Grief Cookies. Like Kummerspeck, But Sweeter.

Grief Cookies. Like Kummerspeck, But Sweeter.

Mom and MeMomma was Pinterest before one existed. She was Martha Stewart, Betty Crocker, Emily Post, Jackie Kennedy, and Cher all rolled into one. She made Betty Draper look like a hillbilly and Mary Berry a rank amateur. Where most people were learning to master the electric can opener, she knew when to use a chinois. At Christmas Momma brought out her special linens and her pride and joy, The Cookie Tree, a multi-tiered platter thingy meant to display cookies like it was for the centerfold of House Beautiful. She’d buy glass, Christmas-tree-shaped cookie jars and fill them with at least eight homemade varieties to give as gifts. Hand-delivered no less. And she did all of it with style, grace, and a lot of bitching.

This is probably why I write about food. Because when I stood in the lunch line in 5th grade talking about the Baked Alaska we’d had Saturday night my friends gave back blank stares. Didn’t everyone dine by candlelight while listening to Sinatra’s Ol’ Blue Eyes Is Back on the turntable? Wasn’t everyone eating sukiyaki and lemon raspberry tart for dessert on a Thursday in suburbia?

Guess not. I’d sit in the lunchroom munching on a dry apple brown betty, trying to enjoy it. At the same time attempting to engage my friends in conversation on the joys of using brownies and mint chocolate chip ice cream in your Baked Alaska instead of the usual yellow cake and vanilla. But they ate Oreos for dessert, hot dogs for dinner, and didn’t understand for a minute what the heck I was talking about.

This is why I write about food. Because Momma made me love it. I learned to grease and flour a cake pan at four, moving on to cake decoration shortly thereafter. Momma was a true Cake Crusader. She had ones for every occasion. Valentine’s Day called for a heart-shaped 4-layer yellow cake with pink frosting covered in tiny heart-shaped red hots. Easter meant rabbit cake, white with vanilla frosting and coconut. Jelly bean eyes and paper ears. It was my job to color and cut out the ears, and never with flimsy white paper either. We used sturdy, colorful construction paper so they’d stand straight. Yep, we were the only bunny cake on the block with purple ears. We were probably the only bunny cake on the block period.

I loved putting the finishing touches on cakes at first, but the older I got, the more I resented it. I grew to resent Easter. I started HATING the whole make the ears task. I’d grit my teeth and cringe – here it comes – she’s going to ask me to cut out the ears I just know it…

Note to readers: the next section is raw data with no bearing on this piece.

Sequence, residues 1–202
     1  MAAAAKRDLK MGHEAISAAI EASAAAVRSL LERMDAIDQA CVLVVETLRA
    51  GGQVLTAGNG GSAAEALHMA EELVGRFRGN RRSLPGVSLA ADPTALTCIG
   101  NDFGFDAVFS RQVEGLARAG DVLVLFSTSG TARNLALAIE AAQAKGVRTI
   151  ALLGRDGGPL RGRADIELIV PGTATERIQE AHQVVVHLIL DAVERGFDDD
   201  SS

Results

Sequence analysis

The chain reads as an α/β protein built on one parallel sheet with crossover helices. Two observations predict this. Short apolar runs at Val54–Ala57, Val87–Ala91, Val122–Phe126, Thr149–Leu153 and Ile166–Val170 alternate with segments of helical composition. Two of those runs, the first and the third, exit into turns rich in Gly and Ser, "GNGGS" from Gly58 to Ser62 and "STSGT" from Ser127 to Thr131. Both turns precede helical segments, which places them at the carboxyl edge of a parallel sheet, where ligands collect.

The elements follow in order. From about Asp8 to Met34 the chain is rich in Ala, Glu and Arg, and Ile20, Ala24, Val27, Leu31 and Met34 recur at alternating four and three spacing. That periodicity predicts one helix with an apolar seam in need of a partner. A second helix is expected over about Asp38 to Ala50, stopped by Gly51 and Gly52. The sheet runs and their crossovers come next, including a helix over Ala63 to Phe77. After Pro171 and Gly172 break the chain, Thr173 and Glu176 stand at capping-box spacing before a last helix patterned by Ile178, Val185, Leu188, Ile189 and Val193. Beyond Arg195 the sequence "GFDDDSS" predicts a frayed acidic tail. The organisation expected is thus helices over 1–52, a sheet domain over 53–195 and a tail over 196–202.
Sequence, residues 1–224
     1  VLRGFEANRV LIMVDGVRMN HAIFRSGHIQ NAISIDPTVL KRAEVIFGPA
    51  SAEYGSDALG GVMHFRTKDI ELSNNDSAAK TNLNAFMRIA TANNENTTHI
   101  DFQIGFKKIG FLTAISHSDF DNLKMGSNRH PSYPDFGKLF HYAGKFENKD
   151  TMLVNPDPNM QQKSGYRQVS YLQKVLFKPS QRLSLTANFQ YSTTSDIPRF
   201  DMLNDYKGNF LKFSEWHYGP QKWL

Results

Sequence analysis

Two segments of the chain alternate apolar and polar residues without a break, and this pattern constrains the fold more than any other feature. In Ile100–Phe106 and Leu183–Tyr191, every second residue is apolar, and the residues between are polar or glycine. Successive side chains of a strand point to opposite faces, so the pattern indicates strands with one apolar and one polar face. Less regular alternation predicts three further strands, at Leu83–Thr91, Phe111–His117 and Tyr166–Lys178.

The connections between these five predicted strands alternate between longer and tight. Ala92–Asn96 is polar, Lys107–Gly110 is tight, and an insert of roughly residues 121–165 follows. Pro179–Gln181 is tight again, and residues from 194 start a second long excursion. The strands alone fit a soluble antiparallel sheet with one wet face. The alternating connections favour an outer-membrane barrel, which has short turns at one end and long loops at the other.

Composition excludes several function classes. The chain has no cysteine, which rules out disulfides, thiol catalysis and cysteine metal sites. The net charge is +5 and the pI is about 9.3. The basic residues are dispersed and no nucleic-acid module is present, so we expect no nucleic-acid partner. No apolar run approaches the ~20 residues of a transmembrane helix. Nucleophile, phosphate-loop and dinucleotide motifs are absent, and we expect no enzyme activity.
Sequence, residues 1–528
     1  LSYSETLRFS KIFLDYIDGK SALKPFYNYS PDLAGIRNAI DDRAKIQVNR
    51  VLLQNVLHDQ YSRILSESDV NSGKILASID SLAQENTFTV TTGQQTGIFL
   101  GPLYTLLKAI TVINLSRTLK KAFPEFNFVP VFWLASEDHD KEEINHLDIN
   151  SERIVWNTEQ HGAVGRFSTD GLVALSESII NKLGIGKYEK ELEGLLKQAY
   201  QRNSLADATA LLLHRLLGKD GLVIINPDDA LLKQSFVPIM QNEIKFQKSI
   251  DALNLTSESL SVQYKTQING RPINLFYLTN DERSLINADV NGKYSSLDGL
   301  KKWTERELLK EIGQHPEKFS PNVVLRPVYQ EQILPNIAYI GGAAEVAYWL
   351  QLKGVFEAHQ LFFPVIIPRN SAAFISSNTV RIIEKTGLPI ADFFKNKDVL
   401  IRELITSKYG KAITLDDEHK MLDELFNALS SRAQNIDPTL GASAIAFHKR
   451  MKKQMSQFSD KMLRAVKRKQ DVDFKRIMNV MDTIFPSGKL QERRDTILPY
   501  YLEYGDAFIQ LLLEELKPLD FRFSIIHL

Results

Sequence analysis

“Would you please make some ears for the bunny cake?”

…and I would trudge along to my fate grumbling as only a resentful teenager can do. Not only did I see it as yet another chore, eventually it represented everything I wasn’t allowed to do. I could flour a pan with the best of ‘em, but when it came to baking, the only thing I was qualified for was cutting out bunny ears. Or maybe putting on the frosting if I was deemed worthy. With all other cooking I was assigned to grunt work. I felt relegated to a class lower than dishwasher. Momma was willing to show me how, every way and every time, but not always willing to let me try. Ever.

I think my lifelong hesitance to cook comes from this. I can write about food until the cows come home, but actually cook? Nah. I’m too afraid of failure. Momma never failed. I don’t remember her burning ANYTHING or experiencing any massive culinary failures. Seriously, all of her cooking was perfect. Beautiful, flavorful, perfect.

As a young woman I’d stand at the kitchen counter trying and trying to cook and end up frozen, scared stiff to a standstill. I couldn’t even start because I believed by then meals were events. EVERY meal was an event. And the event had to be a showstopper. It had to be perfect. My Momma, without even knowing, had set the bar pretty damn high.

It was even worse when cooking for someone else. Forget it! It’s quite all right to overcook the pasta when you’re alone, fine, just eat it mushy. But to burn the quail you’re serving for the first time to your family to impress them with your new-found independent zeal? Unheard of. Unthinkable. Cooking for me became episodes of psychotic breakdowns, violent outbursts, shaking fists at the sky and endless profanity. A crying, blubbering mess. The first time my husband and I made Thanksgiving dinner for the family, I had a freak out breakdown because we didn’t have potato rolls on the table. “But Nana ALWAYS had potato rolls!” I wailed. The Hubby rolled his eyes and went to the store.